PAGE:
I think they could have gotten away with some ambiguity there at the end -- maybe Ezri or her mom saying, "I wish we had known how to help him before it came to this" or something. But yes it's totally ooky for everyone to jump on board that mother is responsible for Norvo being a murderer for...being somewhat bossy?

There's something off about the whole thing. I found it weird that Ezri's mother also jumps to immediately assuming that the other brother definitely did murder the woman to save the company and then won't believe him when he (truthfully) says he didn't. Why do Ezri's family, who are presumably Federation citizens, act like they're in a melodrama about a Depression-era coal mine with ties to the mob? (And what, if anything, does that tell us about Ezri?)
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William B
Thu, Feb 14, 2019, 9:44am (UTC -6)
Re: DS9 S7: It's Only a Paper Moon

Last point: skimming through the episode list, there are a few edge cases in terms of the main cast involvement. Valiant is sort of a Nog-Jake story, but Nog has a much more active role (the Voice of Reason who gets thrown in the brig isn't that big a role); Once More Unto the Breach is more about Kor and Martok than Worf, though I think Worf is more central there than any of the regulars are in this one. Certainly there are episodes that give *as much* or even more attention to the non-regular as to the regular (e.g. The Die is Cast is about both Garak and Odo, not Odo with a side of Garak), it's just very rare for the regulars to be as decentred as this. Which is, again, formally interesting, more so than artistically interesting. I suspect it's easier to do these kinds of stories late in the series because the main cast are bound to be less protective of their status (partly because the show is ending so they aren't worried about losing their job, partly because, besides new arrival Nicole deBoer, they've been working hard for six and a half years and are probably exhausted) and there's less need to protect the show from cancellation for going too far off the promised "script" (of what or who gets the focus). Certainly Avery Brooks' centrality has wound down this season up to this point.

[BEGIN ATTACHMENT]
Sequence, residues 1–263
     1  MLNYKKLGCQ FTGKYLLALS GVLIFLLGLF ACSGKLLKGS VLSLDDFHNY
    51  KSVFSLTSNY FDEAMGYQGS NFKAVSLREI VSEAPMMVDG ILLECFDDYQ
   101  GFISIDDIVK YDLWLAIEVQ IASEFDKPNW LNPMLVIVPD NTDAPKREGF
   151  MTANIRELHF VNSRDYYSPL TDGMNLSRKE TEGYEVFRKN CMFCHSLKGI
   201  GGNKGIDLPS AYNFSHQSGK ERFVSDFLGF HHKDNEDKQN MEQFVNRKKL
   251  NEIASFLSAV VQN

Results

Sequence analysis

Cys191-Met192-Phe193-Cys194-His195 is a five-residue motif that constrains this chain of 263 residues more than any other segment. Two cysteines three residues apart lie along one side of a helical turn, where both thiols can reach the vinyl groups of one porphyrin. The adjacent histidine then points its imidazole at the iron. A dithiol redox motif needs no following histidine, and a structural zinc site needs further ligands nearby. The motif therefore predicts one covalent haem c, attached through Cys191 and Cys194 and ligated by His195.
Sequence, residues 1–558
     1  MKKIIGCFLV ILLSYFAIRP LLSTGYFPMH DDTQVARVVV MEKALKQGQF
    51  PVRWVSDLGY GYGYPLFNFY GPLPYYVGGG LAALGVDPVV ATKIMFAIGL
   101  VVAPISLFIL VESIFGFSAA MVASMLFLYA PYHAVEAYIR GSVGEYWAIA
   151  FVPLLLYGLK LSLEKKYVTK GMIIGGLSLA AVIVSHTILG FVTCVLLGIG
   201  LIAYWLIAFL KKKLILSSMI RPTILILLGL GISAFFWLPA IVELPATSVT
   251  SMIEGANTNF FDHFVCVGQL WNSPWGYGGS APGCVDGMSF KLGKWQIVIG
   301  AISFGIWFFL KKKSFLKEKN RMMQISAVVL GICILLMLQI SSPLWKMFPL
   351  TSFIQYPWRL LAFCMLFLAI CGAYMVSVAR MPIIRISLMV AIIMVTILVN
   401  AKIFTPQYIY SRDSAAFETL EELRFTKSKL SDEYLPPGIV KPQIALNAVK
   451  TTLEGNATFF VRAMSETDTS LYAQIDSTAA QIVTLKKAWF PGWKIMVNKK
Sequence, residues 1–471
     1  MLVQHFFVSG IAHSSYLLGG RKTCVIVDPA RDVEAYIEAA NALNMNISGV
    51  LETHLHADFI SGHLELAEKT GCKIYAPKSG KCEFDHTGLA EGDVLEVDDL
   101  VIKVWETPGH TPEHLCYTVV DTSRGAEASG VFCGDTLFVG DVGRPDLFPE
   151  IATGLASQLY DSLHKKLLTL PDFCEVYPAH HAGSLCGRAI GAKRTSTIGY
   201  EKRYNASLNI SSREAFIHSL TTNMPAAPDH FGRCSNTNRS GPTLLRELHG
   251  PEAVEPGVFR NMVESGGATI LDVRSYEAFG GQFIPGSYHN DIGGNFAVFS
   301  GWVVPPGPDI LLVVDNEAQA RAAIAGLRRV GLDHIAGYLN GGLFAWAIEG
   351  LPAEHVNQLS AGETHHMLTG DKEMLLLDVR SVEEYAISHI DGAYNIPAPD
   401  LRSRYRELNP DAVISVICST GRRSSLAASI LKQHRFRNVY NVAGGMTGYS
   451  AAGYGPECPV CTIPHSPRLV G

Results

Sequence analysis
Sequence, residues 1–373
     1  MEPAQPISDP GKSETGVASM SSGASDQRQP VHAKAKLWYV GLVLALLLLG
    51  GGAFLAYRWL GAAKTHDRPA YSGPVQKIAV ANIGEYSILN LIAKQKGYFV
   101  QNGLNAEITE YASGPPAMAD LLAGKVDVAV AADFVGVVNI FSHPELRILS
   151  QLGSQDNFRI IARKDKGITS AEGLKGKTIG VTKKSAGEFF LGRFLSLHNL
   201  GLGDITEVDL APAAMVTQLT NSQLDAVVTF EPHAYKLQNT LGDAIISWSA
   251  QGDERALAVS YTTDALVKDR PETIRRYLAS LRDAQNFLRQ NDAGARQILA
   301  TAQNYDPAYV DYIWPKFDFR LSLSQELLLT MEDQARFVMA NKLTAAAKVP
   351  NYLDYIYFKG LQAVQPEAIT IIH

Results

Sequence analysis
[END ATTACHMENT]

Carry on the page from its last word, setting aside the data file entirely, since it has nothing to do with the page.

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William B
Thu, Feb 14, 2019, 9:32am (UTC -6)
Re: DS9 S7: It's Only a Paper Moon

(Just to add, re: Afterimage, that Garak has trauma about feeling that he is betraying Cardassia is not at all a problem, but it's given resolution within the episode in a less-than-compelling way, IMO; it's perhaps unfair to say it's because the episode prioritizes Ezri's story over his, rather than it just being an honest misjudgment of how to balance the two main stories in that episode.)
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William B
Thu, Feb 14, 2019, 9:29am (UTC -6)
Re: DS9 S7: It's Only a Paper Moon